When you hear the phrase “white girl,” you probably think of the stereotypical Starbucks-loving, UGG-wearing, One Direction–sobbing mess of a girl with blonde hair and blue eyes. Many social activists, especially ones who promote racial equality, use this term. I know I'm at fault for using it to describe myself and others — sometimes in a joking way, and sometimes in a hurtful way. But lately, I've begun to see the problem with doing so.
Minorities often feel we need to try our hardest to create an environment that's equally safe for people of all races and religions, yet we use words that are degrading to white people in our attempt to do so. We moan and groan about various insulting words thrown at us, then turn around and follow suit. The term "white girl" has become a negative term, and as such, it hurts others.
Can we say that all white teenage girls fall under the "white girl" stereotype? No, we can't. Yet the term has become so common that I've even come across bios of some users on social media sites that state "sorry I'm white." These girls are experiencing the same gut-wrenching feeling I once had about my own race and it pains to me to see that these teenagers are feeling sorry for the way that they were born.
Growing up, I hated hearing racist terms like "Oreo” and the n-word. I envied my friends with lighter skin colors, blonde hair, and blue eyes. I wanted to be just like them, but by envying these women I ended up hating myself. That was the worst period of my life.
So why would I help create a world in which other young girls experience the same pain I did? Why would I want them to feel the same hatred, built from constant pokes and taunts, that I did? Who are we helping when we make white people feel this way? What good does creating resentment toward those who use this term do?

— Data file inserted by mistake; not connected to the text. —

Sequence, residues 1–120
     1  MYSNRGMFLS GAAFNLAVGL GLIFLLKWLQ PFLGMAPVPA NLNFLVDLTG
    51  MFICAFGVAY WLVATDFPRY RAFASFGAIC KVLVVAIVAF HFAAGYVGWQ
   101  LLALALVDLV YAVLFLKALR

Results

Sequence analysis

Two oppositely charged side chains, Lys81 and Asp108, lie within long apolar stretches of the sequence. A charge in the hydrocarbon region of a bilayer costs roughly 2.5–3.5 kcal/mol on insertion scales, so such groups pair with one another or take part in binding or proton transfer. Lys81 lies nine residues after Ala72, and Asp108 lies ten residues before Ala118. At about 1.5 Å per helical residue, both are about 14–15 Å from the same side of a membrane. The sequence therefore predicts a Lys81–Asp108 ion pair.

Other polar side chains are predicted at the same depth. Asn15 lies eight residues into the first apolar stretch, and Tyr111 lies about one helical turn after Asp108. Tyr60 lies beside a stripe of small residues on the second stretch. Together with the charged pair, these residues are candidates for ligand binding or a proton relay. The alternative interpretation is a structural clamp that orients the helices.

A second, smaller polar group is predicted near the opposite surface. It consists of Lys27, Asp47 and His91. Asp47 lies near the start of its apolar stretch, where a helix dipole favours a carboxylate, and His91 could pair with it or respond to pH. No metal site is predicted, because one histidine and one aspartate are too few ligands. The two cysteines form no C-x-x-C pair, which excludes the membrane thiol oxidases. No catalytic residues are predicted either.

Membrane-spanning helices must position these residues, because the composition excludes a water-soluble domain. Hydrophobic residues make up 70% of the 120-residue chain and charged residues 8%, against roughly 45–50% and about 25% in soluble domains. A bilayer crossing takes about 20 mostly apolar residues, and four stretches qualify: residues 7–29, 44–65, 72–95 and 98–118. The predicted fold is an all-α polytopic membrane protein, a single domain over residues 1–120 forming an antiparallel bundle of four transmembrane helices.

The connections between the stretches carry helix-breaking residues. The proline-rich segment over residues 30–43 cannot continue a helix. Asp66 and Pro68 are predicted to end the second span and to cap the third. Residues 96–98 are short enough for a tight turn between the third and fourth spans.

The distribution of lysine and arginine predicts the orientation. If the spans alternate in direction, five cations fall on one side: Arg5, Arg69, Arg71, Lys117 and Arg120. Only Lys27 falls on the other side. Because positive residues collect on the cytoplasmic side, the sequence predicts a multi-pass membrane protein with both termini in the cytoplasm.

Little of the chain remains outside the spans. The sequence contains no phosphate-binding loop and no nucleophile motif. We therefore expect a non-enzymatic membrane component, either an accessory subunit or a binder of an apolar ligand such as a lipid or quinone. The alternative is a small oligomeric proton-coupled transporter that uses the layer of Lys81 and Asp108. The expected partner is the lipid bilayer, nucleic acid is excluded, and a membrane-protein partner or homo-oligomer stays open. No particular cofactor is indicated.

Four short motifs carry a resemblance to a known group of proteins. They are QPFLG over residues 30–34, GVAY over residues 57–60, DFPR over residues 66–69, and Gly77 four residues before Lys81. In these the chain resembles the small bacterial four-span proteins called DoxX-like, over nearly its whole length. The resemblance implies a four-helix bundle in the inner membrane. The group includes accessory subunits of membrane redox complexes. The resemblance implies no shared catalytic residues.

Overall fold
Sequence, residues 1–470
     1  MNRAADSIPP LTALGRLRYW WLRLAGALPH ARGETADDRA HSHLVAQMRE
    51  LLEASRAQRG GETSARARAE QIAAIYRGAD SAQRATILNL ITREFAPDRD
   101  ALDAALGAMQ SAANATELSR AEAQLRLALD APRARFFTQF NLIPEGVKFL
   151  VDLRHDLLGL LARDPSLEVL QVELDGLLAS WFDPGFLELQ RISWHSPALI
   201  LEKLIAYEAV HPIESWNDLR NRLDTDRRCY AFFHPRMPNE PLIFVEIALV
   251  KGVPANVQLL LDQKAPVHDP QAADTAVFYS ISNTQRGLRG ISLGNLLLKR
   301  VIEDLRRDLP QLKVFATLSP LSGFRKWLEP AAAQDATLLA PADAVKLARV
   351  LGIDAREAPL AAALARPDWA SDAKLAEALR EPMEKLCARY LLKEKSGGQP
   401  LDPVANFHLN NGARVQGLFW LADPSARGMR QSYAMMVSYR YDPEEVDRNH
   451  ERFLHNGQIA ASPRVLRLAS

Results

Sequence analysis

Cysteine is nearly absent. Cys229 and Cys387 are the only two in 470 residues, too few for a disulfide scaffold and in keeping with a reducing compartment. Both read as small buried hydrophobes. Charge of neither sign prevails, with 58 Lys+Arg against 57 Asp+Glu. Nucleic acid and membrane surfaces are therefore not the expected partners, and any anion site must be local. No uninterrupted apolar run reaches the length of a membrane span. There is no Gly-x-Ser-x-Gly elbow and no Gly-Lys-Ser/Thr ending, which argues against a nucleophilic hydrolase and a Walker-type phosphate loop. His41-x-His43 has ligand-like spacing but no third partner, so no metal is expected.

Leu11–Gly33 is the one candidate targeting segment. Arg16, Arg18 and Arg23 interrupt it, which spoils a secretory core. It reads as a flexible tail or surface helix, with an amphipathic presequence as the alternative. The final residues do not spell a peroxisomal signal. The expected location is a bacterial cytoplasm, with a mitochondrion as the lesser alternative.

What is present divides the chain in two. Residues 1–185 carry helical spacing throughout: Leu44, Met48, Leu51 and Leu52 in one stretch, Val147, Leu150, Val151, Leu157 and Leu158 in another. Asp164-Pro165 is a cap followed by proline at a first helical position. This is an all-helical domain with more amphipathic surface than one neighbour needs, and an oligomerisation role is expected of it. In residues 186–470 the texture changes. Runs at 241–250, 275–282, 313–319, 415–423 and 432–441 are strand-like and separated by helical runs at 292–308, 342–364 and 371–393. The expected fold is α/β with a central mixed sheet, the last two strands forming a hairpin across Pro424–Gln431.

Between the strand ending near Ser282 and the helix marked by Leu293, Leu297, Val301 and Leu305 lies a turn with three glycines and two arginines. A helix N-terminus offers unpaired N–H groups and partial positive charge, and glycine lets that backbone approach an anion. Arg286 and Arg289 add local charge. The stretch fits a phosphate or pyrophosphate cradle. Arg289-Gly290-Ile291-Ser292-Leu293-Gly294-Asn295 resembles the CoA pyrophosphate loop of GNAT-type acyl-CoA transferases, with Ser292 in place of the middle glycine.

I'm not saying that change will happen quickly or that this term can or should be cut from everyone's vocabulary in a matter of hours, weeks, or months. I still slip up and every so often make a comment like, “You're a white girl.” I also don't expect that everyone will fully agree with me that we should get rid of this term altogether.
I am simply asking people to take into account how the words they use affect other people — especially people of color, LGBTQ people, and women who feel angry about the degrading remarks they hear almost every day. People who feel unsafe and wish for equality should especially understand that they shouldn't make anyone else feel sorry about being themselves.
We can't allow anyone, no matter who they are, to feel as if their race is a problem or something for which they should apologize. Social justice activists like myself especially fight for equality and the ability to love oneself, and therefore cannot add fuel to the fire of the idea that one race is superior or inferior to others. Nobody should be sorry for who they are, but everyone should be sorry about how we allowed this world to turn into such a hateful place.
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